Certainly the most significant differences are two. First of all, the university is much more international: when I was a student, most of the students were Italian. Furthermore, the spaces have evolved a lot and give a greater sense of community. When I went to Bocconi, it was not a campus as it is now, with the introduction of the new SDA buildings and the Castiglioni residence.

What were the most formative experiences after graduating from Bocconi?

After graduating in Economics from Bocconi University, I completed a Masters in Business Administration at Insead in Fontainebleau. Later, I worked as a consultant at McKinsey and had a long experience, 11 years, at Vodafone. I’ve been with Microsoft for 11 years.

How did you manage to become CEO of Microsoft Italy?

I think it is important to never set limits, always take on new challenges and have the desire to learn something new. My choice to enter a new sector, first telecommunications with Vodafone, and then with Microsoft the cloud and technology sector, was important in this sense. Furthermore, I have chosen very meritocratic companies, so the results I have achieved have led to recognition of my work.

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Do you like your job? Which aspects in particular give you the most satisfaction?

I feel very lucky because I do a job that I am passionate about. Technology has a very strong impact on the world around us and working in this industry is certainly very exciting and rewarding as a manager.

What aspects characterize your leadership?

I think I am an inclusive leader: I listen to people and seek consensus on the most important decisions. However, at the same time, I want people to feel free to be able to disagree and express their opposition. I strongly believe in inspiring people to create a mission, a long-term goal for our consumers and for society. This sense of purpose is important because it encourages everyone to give their best.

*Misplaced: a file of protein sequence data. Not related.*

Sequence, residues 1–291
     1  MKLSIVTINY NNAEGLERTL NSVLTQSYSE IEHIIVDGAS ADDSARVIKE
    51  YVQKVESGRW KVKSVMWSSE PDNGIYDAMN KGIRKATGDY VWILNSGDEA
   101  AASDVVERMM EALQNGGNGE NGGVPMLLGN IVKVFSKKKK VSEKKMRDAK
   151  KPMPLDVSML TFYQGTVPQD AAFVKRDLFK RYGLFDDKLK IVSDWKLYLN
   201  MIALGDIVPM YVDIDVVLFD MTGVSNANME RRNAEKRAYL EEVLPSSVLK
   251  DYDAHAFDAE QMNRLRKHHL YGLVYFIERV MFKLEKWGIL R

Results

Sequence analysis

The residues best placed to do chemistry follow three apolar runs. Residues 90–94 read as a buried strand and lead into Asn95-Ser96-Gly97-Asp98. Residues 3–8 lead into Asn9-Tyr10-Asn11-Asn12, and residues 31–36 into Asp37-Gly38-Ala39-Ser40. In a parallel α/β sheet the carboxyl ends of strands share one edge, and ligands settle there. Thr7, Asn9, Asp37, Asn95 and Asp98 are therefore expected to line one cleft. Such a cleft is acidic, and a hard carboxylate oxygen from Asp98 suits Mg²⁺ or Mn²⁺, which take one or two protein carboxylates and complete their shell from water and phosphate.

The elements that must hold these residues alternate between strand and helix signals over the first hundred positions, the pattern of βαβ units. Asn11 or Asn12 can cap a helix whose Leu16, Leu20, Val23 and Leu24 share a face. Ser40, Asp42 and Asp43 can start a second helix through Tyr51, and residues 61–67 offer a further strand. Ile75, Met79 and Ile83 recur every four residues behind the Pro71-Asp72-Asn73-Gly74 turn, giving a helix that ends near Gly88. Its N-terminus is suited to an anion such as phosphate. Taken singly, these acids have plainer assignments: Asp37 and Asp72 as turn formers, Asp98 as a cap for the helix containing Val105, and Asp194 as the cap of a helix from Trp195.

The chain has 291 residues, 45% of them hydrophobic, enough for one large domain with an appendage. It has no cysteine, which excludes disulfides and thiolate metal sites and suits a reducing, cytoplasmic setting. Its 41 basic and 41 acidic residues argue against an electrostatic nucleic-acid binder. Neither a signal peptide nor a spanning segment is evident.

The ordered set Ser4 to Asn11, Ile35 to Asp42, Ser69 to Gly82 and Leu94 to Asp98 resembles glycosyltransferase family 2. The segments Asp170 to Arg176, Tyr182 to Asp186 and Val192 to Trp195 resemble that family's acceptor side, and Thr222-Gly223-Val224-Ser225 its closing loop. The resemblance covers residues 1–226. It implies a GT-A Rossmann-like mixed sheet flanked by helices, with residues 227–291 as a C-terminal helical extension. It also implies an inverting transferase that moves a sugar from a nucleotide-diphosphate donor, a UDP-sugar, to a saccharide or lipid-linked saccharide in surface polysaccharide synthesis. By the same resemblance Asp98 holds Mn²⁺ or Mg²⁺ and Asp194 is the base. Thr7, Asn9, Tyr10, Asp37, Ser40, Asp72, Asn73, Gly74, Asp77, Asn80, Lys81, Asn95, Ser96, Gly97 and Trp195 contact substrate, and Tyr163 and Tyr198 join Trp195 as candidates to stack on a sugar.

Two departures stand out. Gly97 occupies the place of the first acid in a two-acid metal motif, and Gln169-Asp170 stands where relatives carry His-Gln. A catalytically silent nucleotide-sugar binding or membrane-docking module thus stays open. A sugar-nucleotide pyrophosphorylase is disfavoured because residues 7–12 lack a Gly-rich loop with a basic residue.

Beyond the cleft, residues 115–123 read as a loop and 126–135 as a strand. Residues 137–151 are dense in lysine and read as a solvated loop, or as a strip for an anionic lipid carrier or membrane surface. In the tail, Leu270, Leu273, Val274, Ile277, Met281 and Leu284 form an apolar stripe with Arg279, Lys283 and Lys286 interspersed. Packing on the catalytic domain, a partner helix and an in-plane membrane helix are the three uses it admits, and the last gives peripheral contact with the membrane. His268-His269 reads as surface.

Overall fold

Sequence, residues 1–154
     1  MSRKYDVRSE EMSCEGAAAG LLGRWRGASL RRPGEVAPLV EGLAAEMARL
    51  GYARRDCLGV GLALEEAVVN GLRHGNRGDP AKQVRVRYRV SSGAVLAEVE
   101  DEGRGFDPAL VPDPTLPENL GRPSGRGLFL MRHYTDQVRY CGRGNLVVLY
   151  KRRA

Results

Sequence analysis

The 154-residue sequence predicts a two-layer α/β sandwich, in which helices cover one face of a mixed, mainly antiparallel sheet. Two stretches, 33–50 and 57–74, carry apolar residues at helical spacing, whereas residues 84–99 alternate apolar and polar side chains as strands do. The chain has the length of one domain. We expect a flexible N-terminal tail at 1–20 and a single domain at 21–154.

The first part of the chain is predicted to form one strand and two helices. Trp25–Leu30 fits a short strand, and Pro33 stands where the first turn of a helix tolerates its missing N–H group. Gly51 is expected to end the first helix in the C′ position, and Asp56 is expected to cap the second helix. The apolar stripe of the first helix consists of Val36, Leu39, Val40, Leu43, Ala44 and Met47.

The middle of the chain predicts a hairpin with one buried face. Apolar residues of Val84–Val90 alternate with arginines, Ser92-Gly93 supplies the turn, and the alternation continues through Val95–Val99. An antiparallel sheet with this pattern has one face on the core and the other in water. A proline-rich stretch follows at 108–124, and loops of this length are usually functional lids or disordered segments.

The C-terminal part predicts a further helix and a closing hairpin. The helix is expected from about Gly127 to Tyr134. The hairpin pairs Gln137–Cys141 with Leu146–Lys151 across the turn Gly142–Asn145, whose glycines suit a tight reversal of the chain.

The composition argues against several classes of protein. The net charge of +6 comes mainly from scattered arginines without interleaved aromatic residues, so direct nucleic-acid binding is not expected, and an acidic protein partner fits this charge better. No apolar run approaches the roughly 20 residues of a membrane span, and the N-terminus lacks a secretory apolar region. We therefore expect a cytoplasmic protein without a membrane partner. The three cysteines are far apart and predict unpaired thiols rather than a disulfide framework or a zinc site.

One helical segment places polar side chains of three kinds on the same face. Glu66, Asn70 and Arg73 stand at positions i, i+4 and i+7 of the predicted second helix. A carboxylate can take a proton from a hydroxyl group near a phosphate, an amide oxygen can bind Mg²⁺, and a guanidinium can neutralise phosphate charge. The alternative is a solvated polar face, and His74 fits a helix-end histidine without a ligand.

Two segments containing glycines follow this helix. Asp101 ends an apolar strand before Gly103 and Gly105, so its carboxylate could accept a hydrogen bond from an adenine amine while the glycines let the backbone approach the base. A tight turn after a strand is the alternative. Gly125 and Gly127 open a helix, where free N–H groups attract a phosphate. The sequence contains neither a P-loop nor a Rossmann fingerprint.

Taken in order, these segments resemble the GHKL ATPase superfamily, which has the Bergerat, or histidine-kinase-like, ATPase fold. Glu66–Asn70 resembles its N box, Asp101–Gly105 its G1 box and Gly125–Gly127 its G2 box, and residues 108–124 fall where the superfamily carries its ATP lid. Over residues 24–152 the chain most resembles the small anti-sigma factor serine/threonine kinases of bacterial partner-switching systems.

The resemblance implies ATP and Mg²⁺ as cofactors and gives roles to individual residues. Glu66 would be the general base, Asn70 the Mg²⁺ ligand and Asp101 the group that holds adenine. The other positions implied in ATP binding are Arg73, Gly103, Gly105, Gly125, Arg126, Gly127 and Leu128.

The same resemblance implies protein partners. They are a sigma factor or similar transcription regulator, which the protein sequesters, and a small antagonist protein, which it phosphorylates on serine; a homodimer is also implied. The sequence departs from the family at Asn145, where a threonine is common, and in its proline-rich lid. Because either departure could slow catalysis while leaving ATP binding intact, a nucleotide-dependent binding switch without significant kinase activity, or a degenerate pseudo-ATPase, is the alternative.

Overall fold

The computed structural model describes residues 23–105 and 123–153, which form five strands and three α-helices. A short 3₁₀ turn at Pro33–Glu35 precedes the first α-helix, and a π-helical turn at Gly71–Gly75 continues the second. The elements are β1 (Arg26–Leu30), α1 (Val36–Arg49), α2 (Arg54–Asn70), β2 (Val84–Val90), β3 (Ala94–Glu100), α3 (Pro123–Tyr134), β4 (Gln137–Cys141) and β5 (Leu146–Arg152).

The digitization process has accelerated particularly with the Covid crisis. How do you imagine the future?

Surely all companies are gradually becoming software companies and this will remain even after Covid. Digital is nowadays a kind of magic bullet for companies that completely redesigns business models. In the future, we will see more and more companies with more personalized and data-based services.

In conclusion, do you have a message / advice that you want to give to the students of our university?

I think the university offers many opportunities, from meeting companies on campus to doing experiences abroad. I would advise everyone to be intrigued and involved in the university life. In this regards, the relationship with alumni can also be important to better understand how the world of work works.

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Author profile

Editorial Director from January 2021 to February 2022. An intrepid reporter and extremely curious young woman, passionate about interviews and investigating events and their causes.